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Before the recent boom in direct-to-consumer TV advertising, drug marketers used print to reach mass audiences. Now, many of them are using TV for the masses and print to reach targeted groups.

Merck & Co. has entered into a deal with Parade Publications to run ads in Sunday magazine Parade in markets with significant populations of people age 50 and older.

The program began last month with an unbranded ad for osteoporosis drug Fosamax, aimed at women 50-plus. It ran in approximately 50 of Parade's 334 markets with a circulation of approximately 15 million; Parade has a total circulation of 37 million.

"It's taking a mass publication and making it more targeted," said Ellen Oppenheim, senior VP-media director at FCB Worldwide, New York, who hatched the idea.

FCB handles media buying for all Merck consumer advertising and creative for Fosamax.


The campaign encourages women in the age group to ask their doctor about a bone density test. Merck is hoping that will lead to an increase in Fosamax prescriptions.

Parade has produced geographic editions before-Kraft Foods likes to run Miracle Whip ads only in the Midwest, for example-but never one based on population age.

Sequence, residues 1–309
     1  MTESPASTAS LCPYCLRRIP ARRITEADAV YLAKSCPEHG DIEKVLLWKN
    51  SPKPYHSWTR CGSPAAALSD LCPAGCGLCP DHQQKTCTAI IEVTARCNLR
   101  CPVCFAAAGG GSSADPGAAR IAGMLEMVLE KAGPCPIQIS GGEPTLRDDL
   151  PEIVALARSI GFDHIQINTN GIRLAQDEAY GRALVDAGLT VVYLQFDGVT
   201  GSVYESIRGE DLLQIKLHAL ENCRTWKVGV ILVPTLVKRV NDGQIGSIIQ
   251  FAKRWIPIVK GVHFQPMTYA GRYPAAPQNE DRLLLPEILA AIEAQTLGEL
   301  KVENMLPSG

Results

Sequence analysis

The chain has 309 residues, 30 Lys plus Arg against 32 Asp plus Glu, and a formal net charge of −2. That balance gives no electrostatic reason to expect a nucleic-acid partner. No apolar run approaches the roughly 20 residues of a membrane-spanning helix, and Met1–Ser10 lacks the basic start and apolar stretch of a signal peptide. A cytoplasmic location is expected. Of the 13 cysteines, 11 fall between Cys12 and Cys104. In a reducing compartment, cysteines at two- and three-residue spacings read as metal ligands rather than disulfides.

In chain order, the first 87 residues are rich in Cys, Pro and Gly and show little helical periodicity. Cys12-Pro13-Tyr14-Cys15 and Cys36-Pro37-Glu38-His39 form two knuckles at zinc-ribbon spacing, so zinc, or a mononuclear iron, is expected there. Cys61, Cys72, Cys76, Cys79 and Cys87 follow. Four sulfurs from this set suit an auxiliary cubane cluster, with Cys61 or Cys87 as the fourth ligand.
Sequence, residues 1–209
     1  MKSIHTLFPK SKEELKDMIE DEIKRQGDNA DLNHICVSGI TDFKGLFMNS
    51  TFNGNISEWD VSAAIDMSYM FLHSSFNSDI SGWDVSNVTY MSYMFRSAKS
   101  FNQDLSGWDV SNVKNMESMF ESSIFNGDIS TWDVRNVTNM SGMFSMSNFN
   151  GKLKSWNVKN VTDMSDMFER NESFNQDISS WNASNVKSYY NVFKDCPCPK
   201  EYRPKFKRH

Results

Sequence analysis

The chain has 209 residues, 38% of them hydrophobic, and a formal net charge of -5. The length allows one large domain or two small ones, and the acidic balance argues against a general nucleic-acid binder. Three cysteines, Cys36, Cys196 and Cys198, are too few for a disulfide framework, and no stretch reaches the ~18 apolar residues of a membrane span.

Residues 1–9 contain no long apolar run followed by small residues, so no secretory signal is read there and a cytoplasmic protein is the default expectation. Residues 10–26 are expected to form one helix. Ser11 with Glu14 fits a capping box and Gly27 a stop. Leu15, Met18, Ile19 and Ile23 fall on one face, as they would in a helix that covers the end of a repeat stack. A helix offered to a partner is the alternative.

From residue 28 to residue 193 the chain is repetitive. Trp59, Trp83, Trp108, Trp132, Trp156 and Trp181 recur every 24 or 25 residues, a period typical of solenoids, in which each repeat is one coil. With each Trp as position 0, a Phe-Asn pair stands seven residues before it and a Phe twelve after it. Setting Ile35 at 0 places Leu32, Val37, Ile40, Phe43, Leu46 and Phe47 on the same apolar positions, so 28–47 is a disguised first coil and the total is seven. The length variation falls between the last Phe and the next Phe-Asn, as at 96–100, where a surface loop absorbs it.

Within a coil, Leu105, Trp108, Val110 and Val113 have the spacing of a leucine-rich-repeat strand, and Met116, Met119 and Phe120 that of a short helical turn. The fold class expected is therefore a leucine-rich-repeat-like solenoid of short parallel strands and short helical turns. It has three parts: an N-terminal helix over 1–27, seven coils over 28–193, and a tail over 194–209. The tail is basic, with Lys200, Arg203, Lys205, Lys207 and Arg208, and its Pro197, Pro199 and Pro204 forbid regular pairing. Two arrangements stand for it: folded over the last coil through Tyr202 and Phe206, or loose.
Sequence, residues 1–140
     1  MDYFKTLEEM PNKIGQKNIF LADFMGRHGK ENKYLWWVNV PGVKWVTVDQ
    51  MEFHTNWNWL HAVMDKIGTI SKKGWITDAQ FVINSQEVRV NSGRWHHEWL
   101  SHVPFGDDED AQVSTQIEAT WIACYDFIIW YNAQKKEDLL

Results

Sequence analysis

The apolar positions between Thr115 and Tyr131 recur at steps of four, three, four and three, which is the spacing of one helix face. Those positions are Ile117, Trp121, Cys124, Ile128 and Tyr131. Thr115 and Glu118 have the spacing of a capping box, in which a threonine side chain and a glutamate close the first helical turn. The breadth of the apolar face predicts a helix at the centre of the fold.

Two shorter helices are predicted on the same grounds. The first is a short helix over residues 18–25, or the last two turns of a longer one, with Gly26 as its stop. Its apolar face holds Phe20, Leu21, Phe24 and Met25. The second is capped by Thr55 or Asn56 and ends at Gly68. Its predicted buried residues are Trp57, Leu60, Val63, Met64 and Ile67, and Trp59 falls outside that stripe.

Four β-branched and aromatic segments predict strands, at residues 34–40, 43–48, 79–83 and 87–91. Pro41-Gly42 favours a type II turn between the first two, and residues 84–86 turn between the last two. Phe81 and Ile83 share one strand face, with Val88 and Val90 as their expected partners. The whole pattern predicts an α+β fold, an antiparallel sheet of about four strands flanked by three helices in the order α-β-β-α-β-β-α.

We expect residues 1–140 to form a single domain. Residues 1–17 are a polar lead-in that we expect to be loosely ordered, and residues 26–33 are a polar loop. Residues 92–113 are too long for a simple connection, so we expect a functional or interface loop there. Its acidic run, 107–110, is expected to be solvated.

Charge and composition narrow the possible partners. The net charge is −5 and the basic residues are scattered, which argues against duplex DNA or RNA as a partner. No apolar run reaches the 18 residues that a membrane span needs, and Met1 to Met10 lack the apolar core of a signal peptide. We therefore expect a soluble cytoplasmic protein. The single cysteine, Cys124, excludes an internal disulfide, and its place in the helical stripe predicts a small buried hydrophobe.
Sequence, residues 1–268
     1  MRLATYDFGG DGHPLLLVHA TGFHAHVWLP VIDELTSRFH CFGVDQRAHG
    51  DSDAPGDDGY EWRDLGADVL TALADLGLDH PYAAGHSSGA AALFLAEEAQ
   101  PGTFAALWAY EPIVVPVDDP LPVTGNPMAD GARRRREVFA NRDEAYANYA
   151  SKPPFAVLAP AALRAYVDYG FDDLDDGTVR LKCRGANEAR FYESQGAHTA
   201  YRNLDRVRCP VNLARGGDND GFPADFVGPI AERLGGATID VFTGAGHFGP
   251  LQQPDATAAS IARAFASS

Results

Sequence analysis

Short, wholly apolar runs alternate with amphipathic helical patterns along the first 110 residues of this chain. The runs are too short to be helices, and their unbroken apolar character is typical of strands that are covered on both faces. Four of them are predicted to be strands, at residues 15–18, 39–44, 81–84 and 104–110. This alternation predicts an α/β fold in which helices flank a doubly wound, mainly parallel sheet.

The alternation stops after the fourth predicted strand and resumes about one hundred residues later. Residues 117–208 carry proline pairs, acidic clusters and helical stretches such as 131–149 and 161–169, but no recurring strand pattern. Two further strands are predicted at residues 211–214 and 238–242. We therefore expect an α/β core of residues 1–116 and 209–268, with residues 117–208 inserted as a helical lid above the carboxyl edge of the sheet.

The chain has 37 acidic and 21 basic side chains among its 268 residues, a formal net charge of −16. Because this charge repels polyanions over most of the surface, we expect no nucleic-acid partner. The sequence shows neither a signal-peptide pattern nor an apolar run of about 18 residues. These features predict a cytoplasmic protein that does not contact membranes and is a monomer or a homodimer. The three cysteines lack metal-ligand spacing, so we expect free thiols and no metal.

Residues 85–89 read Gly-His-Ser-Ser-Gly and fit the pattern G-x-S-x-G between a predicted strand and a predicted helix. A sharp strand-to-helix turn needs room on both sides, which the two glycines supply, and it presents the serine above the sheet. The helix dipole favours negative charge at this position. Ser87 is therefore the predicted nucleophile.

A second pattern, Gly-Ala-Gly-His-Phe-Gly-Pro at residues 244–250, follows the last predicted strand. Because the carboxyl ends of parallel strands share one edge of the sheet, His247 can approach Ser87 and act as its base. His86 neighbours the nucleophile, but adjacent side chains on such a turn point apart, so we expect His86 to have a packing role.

FCB worked with Parade using U.S. Census Bureau figures to determine markets with large 50-plus populations.

Magazines such as TV Guide and Newsweek can offer advertisers targeted 50-plus editions because they have detailed subscriber information. But Parade, which is distributed in every edition of a particular newspaper in a market, can only segment editions based on geography, not demographics.

Even though it took work to isolate the target reader in Parade, one reason Merck chose that vehicle is its immediacy-it is read within 48 hours.

Merck next year could use the program to advertise high-cholesterol drug Zocor or arthritis drug Vioxx, both of which have older-skewing target audiences.

"It gives us a chance to further refine the targeting," said Len Tacconi, Merck's executive director-consumer marketing.

The program also allowed Merck to reduce its cost below the $730,000 normally paid for a page in Parade.

"There are very few Claritins that are going to spend hundreds of millions," said Tom Drake, director of customer marketing information services for consultancy Rx Remedy. "So brands that want to go to the consumers are going to have to find ways to more economically reach the audiences they need to reach."

Merck spent nearly $30 million backing Fosamax in 1997, according to Competitive Media Reporting, but slashed spending last year. In May, it launched the

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